New Renderings Released For Riverwalk Heights At 430 Main Street on Roosevelt Island, Manhattan

Riverwalk Heights. Designed by Handel Architects

New renderings have been released for Riverwalk Heights, a 30-story residential building at 430 Main Street on Roosevelt Island. Designed by Handel Architects and developed by Related Companies and The Hudson Companies, the 305-foot-tall structure will span 292,865 square feet and yield 253 market-rate rental apartments in studio to three-bedroom layouts, with 104 units reserved for employees of Memorial Sloan Kettering Cancer Center (MSK) across eight floors, as well as 3,700 square feet of ground-floor office space for the Roosevelt Island Operating Corporation. The building was formerly known as Riverwalk 9 and is the final and tallest component of the Riverwalk master plan, located along Main Street just east of the Riverwalk Commons green lawn.

The main rendering above shows a perspective of the entire structure looking southwest with the Queensboro Bridge and the Midtown, Manhattan skyline in the background. The two following interior renderings depict a kitchen and dining area, and a living room with floor-to-ceiling windows providing panoramic views of the skyline and the East River. Homes will occupy the 11th floor through the 30th-story penthouse level, and come in studio to two-bedroom layouts. Move-ins are anticipated to begin later this summer.

The open kitchen.

A living room.

The below older rendering shows the project from the nearby pedestrian pathways.

Riverwalk Heights. Designed by Handel Architects

Construction has topped out on the structure and the façade is almost complete, with only a small strip on the western elevation awaiting its cladding where the hoist was formerly anchored. Work on the ground floor exterior is also still ongoing.

Photo by Michael Young

Photo by Michael Young

Amenities will include a 24/7 lobby, a 5,000-square-foot panoramic rooftop terrace with a resident lounge, reservable dining and screening rooms, an intimate club room with bar and billiards, a coworking space and conference room, and a multi-sport virtual reality game room including a golf simulator. Other features include landscaped terrace gardens and sundecks, al fresco dining and barbecue grills, a fitness center overlooking the East River, a basketball court, a yoga room, a children’s imagination playroom with outdoor play area, a pet grooming area, and more.

The lobby.

The rooftop terrace.

The rooftop terrace.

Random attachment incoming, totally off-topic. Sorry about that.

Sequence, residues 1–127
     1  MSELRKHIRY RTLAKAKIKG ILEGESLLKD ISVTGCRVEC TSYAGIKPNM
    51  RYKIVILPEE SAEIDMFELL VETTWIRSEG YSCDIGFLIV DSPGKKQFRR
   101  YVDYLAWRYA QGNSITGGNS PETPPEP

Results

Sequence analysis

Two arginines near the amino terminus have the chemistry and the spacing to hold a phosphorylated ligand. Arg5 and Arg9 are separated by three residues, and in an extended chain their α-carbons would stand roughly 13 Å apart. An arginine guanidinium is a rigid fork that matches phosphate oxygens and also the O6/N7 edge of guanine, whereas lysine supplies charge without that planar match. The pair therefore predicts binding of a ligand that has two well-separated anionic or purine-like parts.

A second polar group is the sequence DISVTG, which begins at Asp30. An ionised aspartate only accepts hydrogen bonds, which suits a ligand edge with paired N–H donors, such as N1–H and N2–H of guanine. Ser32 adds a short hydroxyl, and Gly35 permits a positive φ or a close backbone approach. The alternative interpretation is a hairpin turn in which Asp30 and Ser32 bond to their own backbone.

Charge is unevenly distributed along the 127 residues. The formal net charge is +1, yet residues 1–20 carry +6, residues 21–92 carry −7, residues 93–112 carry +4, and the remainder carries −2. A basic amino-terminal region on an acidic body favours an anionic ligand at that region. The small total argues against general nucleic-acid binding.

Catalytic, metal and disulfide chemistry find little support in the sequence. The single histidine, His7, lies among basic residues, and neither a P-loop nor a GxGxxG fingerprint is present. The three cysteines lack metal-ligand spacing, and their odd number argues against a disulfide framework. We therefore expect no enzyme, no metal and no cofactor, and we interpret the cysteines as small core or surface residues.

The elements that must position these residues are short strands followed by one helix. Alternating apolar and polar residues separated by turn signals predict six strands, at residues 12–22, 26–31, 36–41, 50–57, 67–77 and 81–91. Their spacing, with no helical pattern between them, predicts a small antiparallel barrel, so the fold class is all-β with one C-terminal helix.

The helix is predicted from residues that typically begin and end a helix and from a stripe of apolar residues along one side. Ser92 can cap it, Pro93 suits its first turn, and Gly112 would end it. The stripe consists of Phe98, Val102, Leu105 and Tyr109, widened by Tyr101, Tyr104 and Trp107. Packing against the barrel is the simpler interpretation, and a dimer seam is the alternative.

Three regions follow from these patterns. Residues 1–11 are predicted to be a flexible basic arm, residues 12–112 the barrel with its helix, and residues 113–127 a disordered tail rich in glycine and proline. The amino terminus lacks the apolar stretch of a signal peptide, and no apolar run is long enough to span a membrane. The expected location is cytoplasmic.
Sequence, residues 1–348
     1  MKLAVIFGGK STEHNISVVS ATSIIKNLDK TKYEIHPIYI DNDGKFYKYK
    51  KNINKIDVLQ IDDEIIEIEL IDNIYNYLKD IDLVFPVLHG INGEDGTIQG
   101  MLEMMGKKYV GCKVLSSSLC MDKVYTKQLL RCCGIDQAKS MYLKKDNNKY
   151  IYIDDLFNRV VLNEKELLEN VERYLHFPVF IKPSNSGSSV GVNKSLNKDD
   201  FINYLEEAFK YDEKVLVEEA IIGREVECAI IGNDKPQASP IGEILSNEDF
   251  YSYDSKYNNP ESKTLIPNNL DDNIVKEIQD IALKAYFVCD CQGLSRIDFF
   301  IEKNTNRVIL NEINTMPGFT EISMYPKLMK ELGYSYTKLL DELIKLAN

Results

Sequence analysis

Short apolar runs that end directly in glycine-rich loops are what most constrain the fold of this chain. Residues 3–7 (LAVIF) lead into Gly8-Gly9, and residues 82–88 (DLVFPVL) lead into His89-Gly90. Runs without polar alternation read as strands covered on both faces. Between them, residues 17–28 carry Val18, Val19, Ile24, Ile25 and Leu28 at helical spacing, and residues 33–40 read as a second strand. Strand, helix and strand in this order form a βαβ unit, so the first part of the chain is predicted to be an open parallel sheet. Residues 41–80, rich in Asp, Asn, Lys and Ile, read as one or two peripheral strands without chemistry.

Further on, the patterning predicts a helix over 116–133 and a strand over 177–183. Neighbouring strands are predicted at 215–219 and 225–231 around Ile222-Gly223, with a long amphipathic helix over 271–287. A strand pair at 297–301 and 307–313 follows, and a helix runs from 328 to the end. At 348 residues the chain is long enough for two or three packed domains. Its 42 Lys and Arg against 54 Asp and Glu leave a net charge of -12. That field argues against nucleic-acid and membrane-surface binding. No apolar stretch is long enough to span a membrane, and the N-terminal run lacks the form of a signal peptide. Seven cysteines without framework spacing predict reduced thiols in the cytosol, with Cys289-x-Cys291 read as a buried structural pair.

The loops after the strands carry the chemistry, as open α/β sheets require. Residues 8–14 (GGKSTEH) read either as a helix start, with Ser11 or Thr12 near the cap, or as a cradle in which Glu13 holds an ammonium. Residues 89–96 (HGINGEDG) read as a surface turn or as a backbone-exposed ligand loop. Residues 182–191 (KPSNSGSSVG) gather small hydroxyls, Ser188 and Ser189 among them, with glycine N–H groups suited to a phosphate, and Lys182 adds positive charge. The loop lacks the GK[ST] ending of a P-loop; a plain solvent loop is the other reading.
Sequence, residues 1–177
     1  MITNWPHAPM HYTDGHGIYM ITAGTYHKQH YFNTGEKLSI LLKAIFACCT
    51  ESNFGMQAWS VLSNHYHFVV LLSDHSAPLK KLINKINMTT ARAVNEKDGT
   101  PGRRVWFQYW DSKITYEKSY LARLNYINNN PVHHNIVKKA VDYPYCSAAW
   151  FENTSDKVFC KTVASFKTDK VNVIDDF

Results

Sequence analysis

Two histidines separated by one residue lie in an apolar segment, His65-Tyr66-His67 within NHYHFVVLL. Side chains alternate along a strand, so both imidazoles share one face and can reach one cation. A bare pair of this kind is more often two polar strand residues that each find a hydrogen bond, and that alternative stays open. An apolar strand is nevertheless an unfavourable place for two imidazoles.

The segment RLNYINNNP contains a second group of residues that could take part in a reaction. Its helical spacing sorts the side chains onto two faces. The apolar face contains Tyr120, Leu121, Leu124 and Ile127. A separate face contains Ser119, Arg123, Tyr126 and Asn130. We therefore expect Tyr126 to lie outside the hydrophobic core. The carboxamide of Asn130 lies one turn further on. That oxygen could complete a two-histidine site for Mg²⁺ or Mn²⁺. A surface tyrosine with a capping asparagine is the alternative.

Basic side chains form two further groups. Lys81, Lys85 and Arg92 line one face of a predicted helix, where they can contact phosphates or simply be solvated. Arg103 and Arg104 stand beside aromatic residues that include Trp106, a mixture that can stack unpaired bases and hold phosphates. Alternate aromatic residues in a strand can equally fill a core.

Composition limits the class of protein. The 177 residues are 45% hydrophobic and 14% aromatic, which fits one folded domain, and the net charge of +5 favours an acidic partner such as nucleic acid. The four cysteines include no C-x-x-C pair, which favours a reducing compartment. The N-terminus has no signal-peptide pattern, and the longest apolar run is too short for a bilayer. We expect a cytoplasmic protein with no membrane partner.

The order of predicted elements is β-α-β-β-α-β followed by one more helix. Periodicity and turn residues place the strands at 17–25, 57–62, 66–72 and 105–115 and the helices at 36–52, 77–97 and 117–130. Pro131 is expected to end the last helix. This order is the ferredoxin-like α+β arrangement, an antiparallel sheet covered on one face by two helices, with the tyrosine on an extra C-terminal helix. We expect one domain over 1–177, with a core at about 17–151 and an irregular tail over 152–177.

The fitness center.

The basketball court.

The co-working lounge.

The billiards room.

The forthcoming Commons East green space will be located directly northeast of Riverwalk Heights and will include small and large dog runs, picnic areas, and landscaped areas.

The Riverwalk master plan as a whole will yield nine buildings with more than 90,000 square feet of retail space spread across 33 stores, over 2,000 condominium units and rental apartments, affordable housing, and institutional workforce apartments for employees of MSK, Weill Cornell Medicine, and other organizations.

An entrance to the Roosevelt Island subway station is located directly across the green lawn to the west, serving the local F train station between Manhattan and Queens.

YIMBY anticipates Riverwalk Heights’ full completion to occur by the end of the summer.

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6 Comments on "New Renderings Released For Riverwalk Heights At 430 Main Street on Roosevelt Island, Manhattan"

  1. We’re going back to PTACs?

    • David in Bushwick | June 28, 2024 at 10:16 am | Reply

      Heat pumps have improved greatly in the last msny years. They are now the most efficient and cleanest way to heat and cool a space. All-electric is the future.
      Of course window walls are not generally efficient unless triple glazed.

  2. Ken Weinstein | June 28, 2024 at 9:22 am | Reply

    The first buildings developed by UDC were all-electric with incentive payments from Con-Ed. Did electric resistance heating foreshadow the current move away from oil? I don’t know if the energy performance of these 1970’s buildings meet current standards, but likely not.

  3. David : Sent From Heaven. | June 28, 2024 at 9:46 am | Reply

    The view of the surrounding skyscrapers was very impressive, apart from the buildings in progress I love it: Thanks to Michael Young.

  4. David of Flushing | June 29, 2024 at 7:46 pm | Reply

    The oil crunch of the 1970s made all-electric houses of the time unsellable. Heat pumps are better than resistance heating, though some resort to that in the coldest weather. Installing heat pumps in older buildings will be a problem often requiring entirely new wiring and possible LL11 problems with the outdoor units.

  5. Are there any buildable parcels left on RI or is the island “done”?

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